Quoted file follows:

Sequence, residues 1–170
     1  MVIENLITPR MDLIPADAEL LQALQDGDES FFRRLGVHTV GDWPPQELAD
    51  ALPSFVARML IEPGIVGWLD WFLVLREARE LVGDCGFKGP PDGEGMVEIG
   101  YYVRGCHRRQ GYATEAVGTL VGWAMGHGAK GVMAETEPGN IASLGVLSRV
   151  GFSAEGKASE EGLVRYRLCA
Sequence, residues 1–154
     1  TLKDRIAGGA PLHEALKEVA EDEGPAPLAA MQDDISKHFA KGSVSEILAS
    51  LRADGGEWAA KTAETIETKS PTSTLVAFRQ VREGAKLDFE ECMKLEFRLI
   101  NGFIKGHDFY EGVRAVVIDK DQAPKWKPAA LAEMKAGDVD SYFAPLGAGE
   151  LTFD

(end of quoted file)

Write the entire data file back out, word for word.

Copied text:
Sequence, residues 1–170
     1  MVIENLITPR MDLIPADAEL LQALQDGDES FFRRLGVHTV GDWPPQELAD
    51  ALPSFVARML IEPGIVGWLD WFLVLREARE LVGDCGFKGP PDGEGMVEIG
   101  YYVRGCHRRQ GYATEAVGTL VGWAMGHGAK GVMAETEPGN IASLGVLSRV
   151  GFSAEGKASE EGLVRYRLCA
Sequence, residues 1–154
     1  TLKDRIAGGA PLHEALKEVA EDEGPAPLAA MQDDISKHFA KGSVSEILAS
    51  LRADGGEWAA KTAETIETKS PTSTLVAFRQ VREGAKLDFE ECMKLEFRLI
   101  NGFIKGHDFY EGVRAVVIDK DQAPKWKPAA LAEMKAGDVD SYFAPLGAGE
   151  LTFD